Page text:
At the 1986 God Conference in San Diego, Dr. Frank Kaufmann meets with (in white) Shrivatsa Goswami, heir apparent of a large Chaitanyat Hindu denomination in India, and (in black) Father Petro Bilaniuk, a priest of the Ukranian Catholic Church.
Question: What process do you go through in organizing a conference and choosing the people to head it up?
In the beginning of the CWR, we asked our consultants to be the convenors of our first conferences. From there we began to discover who might be good future conveners. It just takes one conference to get things started. At each conference you begin to see new themes and people emerging. "Heart" calls to you from beneath the words that are being spoken, and you can hear the Spirit say to you, "This is the right person for next time. This is the theme." It is definitely spiritual. We always need to be objective to the speaking of the spirit. It is possible, of course, to plan conferences far ahead of time, but I personally do not believe in doing that.
I think that each conference is the encounter out of which the theme and the leader for the next conference will emerge.
For example, last October we had a Jewish conference. In the middle of the conference I found myself with three rabbis in my hotel room one night. Two of these men were extraordinarily influential in their communities. They had come by at around 9:00 in the evening to discuss possible ideas for the next conference. The time flew by. Suddenly one looked at his watch and said, "Oh my God! Its 2:30 in the morning! How are we going to get through tomorrow? I'm never up this late." I felt a little sorry as these men of distinction finally dragged their tired selves to my hotel door. But out of that spontaneous meeting these three men became the planning committee for the next Jewish conference we will be having this September. How can you plan for something like that? So I think the conferences should not just be events that are scheduled for their own sake. I think that someone should be there with vision, care, heart, and openness, trying to hear and see who and what should come as the next step.
Suppose I plan arbitrarily that two years from now we will do a conference on a certain religion's doctrine. But perhaps at this year's conference I discover that doctrinal matters are not the main issue involved at all. If I went ahead with my prescribed plan, then no matter how cleverly I organized everything I would be wasting time, money, people -- everything.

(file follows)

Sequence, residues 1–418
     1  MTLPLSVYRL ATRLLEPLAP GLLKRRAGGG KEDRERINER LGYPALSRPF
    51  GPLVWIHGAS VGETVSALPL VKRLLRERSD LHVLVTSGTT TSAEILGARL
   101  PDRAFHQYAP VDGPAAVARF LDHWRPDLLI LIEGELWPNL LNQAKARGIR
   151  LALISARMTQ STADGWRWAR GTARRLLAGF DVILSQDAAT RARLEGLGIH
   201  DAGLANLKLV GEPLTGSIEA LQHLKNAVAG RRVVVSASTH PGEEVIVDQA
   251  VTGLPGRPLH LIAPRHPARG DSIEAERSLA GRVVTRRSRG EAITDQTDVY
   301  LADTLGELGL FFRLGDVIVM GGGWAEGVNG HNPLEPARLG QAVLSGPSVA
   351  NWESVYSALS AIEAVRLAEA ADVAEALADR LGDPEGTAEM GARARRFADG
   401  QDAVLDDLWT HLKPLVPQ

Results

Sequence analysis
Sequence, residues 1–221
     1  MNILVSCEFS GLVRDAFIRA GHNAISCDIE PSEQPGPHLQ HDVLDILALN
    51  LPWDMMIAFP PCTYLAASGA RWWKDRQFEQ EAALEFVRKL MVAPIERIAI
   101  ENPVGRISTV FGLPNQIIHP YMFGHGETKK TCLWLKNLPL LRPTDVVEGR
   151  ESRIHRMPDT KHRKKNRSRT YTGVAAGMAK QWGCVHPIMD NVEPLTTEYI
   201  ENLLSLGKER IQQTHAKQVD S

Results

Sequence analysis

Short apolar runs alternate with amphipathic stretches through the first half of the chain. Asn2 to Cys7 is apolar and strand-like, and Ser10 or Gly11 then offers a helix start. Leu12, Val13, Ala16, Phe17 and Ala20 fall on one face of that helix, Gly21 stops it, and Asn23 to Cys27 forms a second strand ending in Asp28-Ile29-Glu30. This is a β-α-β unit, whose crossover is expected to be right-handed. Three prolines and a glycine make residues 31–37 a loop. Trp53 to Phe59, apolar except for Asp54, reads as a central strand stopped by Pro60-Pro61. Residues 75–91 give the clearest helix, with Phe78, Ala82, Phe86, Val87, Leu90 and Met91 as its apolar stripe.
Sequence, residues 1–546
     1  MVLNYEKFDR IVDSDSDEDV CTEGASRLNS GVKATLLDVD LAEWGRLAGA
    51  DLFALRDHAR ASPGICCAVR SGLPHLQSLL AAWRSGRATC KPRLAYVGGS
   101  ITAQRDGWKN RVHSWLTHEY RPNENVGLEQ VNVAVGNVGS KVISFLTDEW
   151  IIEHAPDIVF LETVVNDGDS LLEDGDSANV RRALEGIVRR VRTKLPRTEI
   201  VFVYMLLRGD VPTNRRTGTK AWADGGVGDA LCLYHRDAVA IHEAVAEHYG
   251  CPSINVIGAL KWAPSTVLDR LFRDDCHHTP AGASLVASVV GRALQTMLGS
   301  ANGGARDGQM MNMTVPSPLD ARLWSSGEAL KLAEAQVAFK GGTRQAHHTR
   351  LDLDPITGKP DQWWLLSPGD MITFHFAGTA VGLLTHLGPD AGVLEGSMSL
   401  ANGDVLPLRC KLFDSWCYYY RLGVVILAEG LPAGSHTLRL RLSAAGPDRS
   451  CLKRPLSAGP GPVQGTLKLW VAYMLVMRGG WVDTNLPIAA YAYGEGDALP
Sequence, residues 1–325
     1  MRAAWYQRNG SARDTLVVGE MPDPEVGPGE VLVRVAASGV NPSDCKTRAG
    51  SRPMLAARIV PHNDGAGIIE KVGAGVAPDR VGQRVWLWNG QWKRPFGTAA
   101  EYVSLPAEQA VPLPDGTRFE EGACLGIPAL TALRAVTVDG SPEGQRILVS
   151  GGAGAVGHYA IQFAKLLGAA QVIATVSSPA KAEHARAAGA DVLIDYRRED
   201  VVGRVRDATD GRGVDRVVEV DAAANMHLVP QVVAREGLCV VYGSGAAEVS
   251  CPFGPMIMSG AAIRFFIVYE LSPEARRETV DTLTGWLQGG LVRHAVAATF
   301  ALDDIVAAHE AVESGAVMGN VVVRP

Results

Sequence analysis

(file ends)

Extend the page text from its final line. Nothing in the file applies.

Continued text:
Once a leader emerges, we work up a conference theme together. I offer what sounds to me like a good theme, and the convener will respond from his or her own wisdom and experience.
At the Bad Nauheim interfaith conference, in 1986, Rev. C. H. Kwak greets Sri Arabinda Yaw, director of the Aurobindo Ashram and Institute, India.
Question: How do you prepare yourself internally for a conference?
Although it certainly cannot hurt to do conditions at the time of the conference, I am a person of the conviction that if you have not been very careful every step of the way, there is not much you can do to fix what has been carelessly or sloppily prepared for. Another thing I believe is that all actions, no matter how seemingly mundane or insignificant, have qualities. Two actions may look the same on the surface but only one will yield fruit -- the one that is done with heart. The person responsible should put his whole self into each action with a desperate longing that God's hopes can be fulfilled through it. You should try to imagine that the task at hand is the only thing you will ever do, that God will look at it and decide about you based on that one act alone -- even if it is filing one piece of paper.